The sal heartwood borer is all set to destroy sal forests in Madhya Pradesh. But this would not have been possible without the assistance of an incompetent forest bureaucracy and an indifferent scientific community. Their answer to the crisis was as bad as the problem: large-scale felling of infested trees
in the dense forest of Amarkantak, district Shahdol, Madhya Pradesh (mp) , where the river Narmada originates, the gurgle of the stream was difficult to hear amidst the monotonous sound of axes falling on giant sal trees (Shorea robusta). But for the timely intervention of Saifuddin Soz, Union minister of environment and forests (mef), about one million sal trees would have been cut in the state to prevent further infestation of trees by the sal heartwood borer (Hoplocerambyx spinicornis), a pest endemic to the region. However, by the third week of January, half-a-million trees had already succumbed to the axe before the minister could intercede.
Over one-sixth of the total sal forests in mp have been affected by the epidemic that has spread to six districts, covering an area of 300,000 hectares (ha). (ha). This includes Kanha National Park, the biggest tiger reserve in the country. In Mandla, the worst affected district, about 800,000 trees have been attacked. The total loss is estimated to be Rs 250 crore. Privately, forest officials admit that the number of trees slated to be cut is grossly underestimated. The present sal borer attack began in 1995, and would not have acquired epidemic proportions but for the inaction of the forest bureaucracy. By the time the state forest officials woke up, it was too late. The final solution according to the foresters: cut down all infected trees.
The axing was a low-key affair till Shiv Netam, mp's minister of forest, was forced to inform the state legislative assembly in November 1997 about the drastic step. The opposition cried foul. A public interest petition was filed in the mp High Court. The mef constituted a committee headed by B N Gupta, director-general, Indian Council of Forest Research Education (icfre) , Dehradun, to investigate the cause of the epidemic, the extent of damage, and to suggest remedial measures. mp forest officials claim they had written to the icfre several times without any response.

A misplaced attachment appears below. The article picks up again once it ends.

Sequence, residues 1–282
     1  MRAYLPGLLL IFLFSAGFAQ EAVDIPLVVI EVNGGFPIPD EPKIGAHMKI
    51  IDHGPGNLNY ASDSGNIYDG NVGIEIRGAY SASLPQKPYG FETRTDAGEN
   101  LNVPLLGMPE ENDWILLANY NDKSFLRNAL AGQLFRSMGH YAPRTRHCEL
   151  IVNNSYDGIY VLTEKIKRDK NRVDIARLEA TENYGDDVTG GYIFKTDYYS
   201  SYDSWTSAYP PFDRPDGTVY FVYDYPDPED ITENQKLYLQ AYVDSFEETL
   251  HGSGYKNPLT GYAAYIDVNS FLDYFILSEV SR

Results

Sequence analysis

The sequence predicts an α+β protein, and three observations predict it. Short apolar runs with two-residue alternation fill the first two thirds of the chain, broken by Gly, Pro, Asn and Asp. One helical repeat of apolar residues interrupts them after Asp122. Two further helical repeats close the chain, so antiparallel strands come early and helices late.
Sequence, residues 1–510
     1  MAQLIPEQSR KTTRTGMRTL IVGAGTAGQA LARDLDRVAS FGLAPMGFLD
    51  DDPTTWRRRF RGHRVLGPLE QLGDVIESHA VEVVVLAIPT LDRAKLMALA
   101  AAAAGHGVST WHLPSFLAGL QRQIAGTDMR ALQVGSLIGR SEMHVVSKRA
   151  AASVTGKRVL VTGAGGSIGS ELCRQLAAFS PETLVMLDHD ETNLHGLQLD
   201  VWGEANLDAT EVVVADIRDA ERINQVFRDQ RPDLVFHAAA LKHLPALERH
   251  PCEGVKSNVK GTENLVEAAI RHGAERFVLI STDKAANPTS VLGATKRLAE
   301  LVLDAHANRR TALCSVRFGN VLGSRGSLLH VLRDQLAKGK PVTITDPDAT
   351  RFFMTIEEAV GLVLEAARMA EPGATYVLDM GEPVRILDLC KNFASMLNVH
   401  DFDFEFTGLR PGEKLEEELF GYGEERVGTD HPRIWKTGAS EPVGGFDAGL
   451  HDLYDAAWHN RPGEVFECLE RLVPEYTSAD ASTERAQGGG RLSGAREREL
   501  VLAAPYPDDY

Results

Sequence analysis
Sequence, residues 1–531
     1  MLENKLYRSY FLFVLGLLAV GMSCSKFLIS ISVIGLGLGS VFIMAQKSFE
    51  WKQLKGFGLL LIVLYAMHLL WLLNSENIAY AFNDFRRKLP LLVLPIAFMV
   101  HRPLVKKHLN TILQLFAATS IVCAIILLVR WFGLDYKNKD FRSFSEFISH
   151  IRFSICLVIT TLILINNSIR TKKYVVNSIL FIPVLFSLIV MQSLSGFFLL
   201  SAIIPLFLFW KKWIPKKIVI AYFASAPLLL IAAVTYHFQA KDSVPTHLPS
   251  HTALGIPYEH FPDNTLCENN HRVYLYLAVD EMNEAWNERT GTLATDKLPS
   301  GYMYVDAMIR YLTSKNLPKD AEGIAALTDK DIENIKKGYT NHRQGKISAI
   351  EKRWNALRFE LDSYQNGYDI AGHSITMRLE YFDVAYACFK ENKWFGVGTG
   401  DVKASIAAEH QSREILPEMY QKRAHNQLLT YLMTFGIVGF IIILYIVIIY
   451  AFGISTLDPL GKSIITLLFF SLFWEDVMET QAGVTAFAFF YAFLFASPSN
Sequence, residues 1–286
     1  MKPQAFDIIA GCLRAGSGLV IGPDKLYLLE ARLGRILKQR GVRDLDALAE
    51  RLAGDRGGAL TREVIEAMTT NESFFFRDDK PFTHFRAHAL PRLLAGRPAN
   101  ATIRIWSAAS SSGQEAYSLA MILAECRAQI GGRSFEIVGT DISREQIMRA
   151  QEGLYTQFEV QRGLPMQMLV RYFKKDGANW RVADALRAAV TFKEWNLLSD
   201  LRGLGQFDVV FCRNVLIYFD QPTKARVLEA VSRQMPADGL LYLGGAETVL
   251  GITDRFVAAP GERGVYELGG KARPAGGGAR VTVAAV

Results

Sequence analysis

Prodded by New Delhi, the committee visited the affected areas in district Mandla and conducted "extensive discussions" on December 14-16, 1997. The committee felt that the problem is of a serious nature but there is no need for "panic". On the other hand, the committee members who visited Jabalpur and Mandla said that the situation is "out of control". They warned that if preventive measures are not implemented in time, the situation may aggravate. The committee supported the large-scale felling of sal trees as the only way to ensure that the larvae die out, preventing yet another, larger cycle of infestation with the onset of the monsoon.
But a senior forest official, speaking "off the record", said that the committee report was wanting on the scientific aspects of the pestilence. Ram Prasad, director, Indian Institute of Forest Management (iifm), Bhopal, who is a member of the committee, refused to sign the final report. He alleged that he was not consulted before it was written. Doubts persist in the state about the failure of experts from premier forest institutes to develop safer alternatives, especially since the pest is endemic to the region. Prasad told Down To Earth: "Instead of straightaway cutting the trees, the forest officials could have looked for alternatives."
Not all forest officials agree with the "final solution". "They should have discussed the problem elaborately and searched for alternatives," says a senior forest official in Bhopal who did not want to be named. "It seems that the forest officials were more interested in cutting the trees than finding alternatives," says Prasad. State forest officials also drew flak from non-governmental organisations (ngos). Samar Singh, secretary general of World Wide Fund for Nature (wwf) India, says: "In this day and age when science has made so much progress, it is indeed sad that solutions other than large-scale felling of trees have not been suggested by experts."